For a while now, Mumbai has been overshadowed by the monsoon rain with the sun barely showing its face. Hoping to get some relief from the constant downpour, we took the Hyundai Grand i10 and headed east, away from the coast. We made our way towards Aurangabad to visit some of the oldest monuments in the country. Our route, which measured around 370km, took us via Chakan and Ahmednagar.
We left from Mumbai at noon, and the poor visibility due to the pouring rain made dodging potholes all the more difficult. Things got worse when we got closer to Chakan as daylight faded and the truck traffic increased. Thankfully, the Grand i10 was just the right size to squeeze in and out of traffic effortlessly till we eventually made it past Chakanâ€™s industrial area. After that, it was a non-stop run till we reached Aurangabad late at night.
The next morning, we woke up to a slight drizzle which we barely noticed after enduring the heavy Mumbai rain. After a quick breakfast, we headed to the first monument on our list, the Daulatabad Fort. The 15km drive was quite beautiful as the rains had cleared up the air of all the pollution and also laid out a carpet of green grass on both sides of the road.
The fort, which was initially called the Devagiri Fort, was built by Raja Bhillamraj, of the Yadav Dynasty. However, in 1296 AD it was taken over by the Sultans of Delhi. It is located on a 200 metre high conical hill and was one of the most powerful forts in the Deccan. While the bottom of the hill has several fortified walls, a temple, an assembly area and the Chand Minar, the top houses the Chini Mahal.
When Muhammad bin Tughluq took over the throne, he had the entire city of Delhi migrated to Aurangabad to make it his new capital. However, for various reasons, Tughluq had his capital shifted back to Delhi, demanding the same arduous journey of all his people. Itâ€™s quite astonishing how an entire city had to literally pick up everything they had and travel halfway across the country by foot or horse! These days, we donâ€™t even think twice about travelling such distances, especially with cars like the Grand i10 making it so easy to do so. Despite its compact dimensions, you barely feel tired while covering long distances. Also helping with this is the plush cabin that features a great music system with Bluetooth connectivity.
Our next stop was Aurangzebâ€™s tomb, which is en route to Ellora caves. Unlike most other emperorsâ€™ tombs, his was not located in a grand building surrounded by large gardens. Instead, he was buried in a humble mosque in the town of Khuldabad by his son Muhammad Azam Shah. One of the locals who directed us to the tomb told us sincerely that what the history books say about Aurangzeb is not entirely true. He said that Aurangzeb was actually a just and wise ruler who enjoyed poetry and literature.
Once we had a look around, we were back in the Grand i10 and headed for the famous Ellora caves. The site has 34 caves which were excavated from the 5th century AD to the 11th century AD. 12 of these caves were Buddhist monasteries and shrines, 17 were Hindu temples and five were Jain temples. However, the most astounding excavation is Cave 16, the Kailasa temple.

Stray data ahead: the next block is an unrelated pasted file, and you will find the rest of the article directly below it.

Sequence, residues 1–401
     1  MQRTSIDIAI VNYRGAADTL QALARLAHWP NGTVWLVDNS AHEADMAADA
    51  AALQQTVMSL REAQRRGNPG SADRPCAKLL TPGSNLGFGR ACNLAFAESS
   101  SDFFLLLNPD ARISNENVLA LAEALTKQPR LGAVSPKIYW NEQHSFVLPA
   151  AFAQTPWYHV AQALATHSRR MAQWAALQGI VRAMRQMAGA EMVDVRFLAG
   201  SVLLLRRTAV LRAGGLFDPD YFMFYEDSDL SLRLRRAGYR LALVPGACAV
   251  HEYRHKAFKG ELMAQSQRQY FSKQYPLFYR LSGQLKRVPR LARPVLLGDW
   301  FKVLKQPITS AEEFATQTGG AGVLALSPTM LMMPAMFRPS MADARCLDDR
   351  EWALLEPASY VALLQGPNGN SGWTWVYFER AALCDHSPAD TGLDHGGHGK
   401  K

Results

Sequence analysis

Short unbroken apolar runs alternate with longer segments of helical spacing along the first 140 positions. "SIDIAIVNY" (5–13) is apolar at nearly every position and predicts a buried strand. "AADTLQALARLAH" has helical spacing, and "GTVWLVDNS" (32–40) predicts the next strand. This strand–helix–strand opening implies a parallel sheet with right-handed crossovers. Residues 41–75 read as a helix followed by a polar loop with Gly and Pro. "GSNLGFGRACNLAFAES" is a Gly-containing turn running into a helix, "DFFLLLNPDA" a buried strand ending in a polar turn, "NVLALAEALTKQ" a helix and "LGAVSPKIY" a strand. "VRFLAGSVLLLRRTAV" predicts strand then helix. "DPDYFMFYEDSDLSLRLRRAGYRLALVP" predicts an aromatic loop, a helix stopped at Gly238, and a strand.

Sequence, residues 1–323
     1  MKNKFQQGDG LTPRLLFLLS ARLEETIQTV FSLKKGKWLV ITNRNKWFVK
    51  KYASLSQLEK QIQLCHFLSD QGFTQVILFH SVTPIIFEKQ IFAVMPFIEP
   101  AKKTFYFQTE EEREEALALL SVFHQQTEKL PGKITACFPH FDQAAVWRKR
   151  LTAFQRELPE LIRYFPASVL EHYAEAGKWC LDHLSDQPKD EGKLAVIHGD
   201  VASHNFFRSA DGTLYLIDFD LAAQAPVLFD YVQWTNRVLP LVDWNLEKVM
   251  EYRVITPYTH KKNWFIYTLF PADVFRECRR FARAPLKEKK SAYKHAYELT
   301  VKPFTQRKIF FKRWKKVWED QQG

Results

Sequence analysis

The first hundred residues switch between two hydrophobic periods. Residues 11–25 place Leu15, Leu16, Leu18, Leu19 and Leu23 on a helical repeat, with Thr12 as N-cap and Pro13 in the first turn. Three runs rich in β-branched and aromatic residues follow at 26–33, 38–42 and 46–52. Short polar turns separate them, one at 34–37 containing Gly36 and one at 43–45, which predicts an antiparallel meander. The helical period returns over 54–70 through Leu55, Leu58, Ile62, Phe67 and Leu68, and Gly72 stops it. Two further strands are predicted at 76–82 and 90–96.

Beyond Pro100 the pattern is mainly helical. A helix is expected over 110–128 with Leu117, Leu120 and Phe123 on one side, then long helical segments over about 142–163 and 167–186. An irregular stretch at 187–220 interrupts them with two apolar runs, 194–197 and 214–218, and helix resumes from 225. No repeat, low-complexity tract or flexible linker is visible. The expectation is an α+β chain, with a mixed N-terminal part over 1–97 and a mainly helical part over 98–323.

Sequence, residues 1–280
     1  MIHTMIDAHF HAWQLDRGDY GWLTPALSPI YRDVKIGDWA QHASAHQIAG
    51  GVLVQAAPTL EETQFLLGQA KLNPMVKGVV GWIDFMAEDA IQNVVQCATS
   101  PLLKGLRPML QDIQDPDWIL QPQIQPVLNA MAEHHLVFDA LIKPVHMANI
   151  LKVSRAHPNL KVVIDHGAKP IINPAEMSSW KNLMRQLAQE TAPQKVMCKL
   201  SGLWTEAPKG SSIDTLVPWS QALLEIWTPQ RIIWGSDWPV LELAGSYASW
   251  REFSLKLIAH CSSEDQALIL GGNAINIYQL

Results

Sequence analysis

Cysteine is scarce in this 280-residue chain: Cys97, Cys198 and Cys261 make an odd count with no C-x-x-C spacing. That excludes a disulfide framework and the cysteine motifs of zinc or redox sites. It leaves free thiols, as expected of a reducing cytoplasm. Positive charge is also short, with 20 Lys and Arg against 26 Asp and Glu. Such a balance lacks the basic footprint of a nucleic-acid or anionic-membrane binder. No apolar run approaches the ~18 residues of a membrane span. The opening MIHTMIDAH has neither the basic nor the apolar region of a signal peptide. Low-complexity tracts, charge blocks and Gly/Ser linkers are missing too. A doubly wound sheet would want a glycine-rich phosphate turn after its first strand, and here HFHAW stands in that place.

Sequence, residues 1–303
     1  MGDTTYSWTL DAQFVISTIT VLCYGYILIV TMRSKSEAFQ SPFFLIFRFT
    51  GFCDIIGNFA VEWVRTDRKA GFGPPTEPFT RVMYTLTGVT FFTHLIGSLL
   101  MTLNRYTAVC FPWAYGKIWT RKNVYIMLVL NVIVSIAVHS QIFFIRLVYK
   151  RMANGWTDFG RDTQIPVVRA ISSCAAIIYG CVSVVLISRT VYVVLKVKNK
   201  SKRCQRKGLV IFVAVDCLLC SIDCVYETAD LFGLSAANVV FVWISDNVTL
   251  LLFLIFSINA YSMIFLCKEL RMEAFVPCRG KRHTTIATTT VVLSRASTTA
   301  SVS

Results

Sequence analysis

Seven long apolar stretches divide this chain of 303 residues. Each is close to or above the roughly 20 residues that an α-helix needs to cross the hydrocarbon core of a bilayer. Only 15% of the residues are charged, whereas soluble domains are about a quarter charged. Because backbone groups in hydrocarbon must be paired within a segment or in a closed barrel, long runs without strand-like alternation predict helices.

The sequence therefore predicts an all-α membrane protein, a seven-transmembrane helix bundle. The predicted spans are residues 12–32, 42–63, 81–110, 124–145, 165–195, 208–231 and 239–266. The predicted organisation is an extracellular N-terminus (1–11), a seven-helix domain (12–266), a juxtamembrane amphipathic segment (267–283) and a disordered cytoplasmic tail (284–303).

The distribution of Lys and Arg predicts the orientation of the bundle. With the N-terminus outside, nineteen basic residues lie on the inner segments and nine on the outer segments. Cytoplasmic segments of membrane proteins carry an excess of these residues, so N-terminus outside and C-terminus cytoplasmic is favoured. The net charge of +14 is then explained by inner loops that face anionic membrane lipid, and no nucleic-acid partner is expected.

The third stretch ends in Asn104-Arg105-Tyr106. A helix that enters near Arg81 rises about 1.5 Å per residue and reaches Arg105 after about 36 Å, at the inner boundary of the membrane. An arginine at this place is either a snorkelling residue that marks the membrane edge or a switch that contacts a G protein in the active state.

This temple, which is dedicated to Lord Shiva, is the largest rock-cut monolithic monument in the world. From outside the temple, you might not get what all the fuss is about. However, step inside the cave and your jaw will drop in amazement. The main temple, which is still part of one rock, stands in the middle of a large excavation. Although most of it has been ruined, quite a few detailed sculptures are still intact.
After taking in the sights, we headed out to the last site for the day â€“ Ajanta caves. This site is roughly 100km from Ellora, and there are lovely ghat sections which were a real joy to drive on in the Grand i10. Thanks to its nimble and agile handling and linear power delivery, the Grand i10 really won us over. Adding to that are the safety equipment like dual airbags and ABS which further improve your confidence on such roads.
Once we got there, we had to take a shuttle bus up to the booking counter and then walk to the caves. The caves, which were excavated from the 2nd century BC to 6th century AD, are located in a horse-shoe shaped gorge of the Waghora River. There are 30 caves in total and some of them have magnificent paintings depicting episodes of Gautama Buddhaâ€™s life. These painting are very sensitive to light and temperature, and the Archaeological Survey of India is doing all it can to save whatâ€™s left of these ancient paintings. After a long walk, we decided to call it a day so we could get an early start the next day.
Before we began our journey back to Mumbai, we made one final stop at the Bibi-Ka-Maqbara or the Tomb of the Lady. This monument was built by Azam Shah in memory of his mother, Rabia-ud-Daurani. The mausoleum draws inspiration from the Taj Mahal and so it is known as the Taj of the Deccan. Unlike the Taj Mahal, this monument was not entirely built of marble â€“ the mid portion of the main structure is made of basaltic trap covered with fine plaster. While most people make comparisons to the Taj, there is a lot of beautiful detailing around the mausoleum that sets it apart.
With all the important locations covered, it was time for us to head back to Mumbai. The journey back was quite scenic with the large expanses of green fields on both sides of the almost empty dual carriageway. As we got onto the Mumbai-Pune Expressway, the sun showed its face one last time, before it was covered by a mob of dark clouds and we were back in the rain.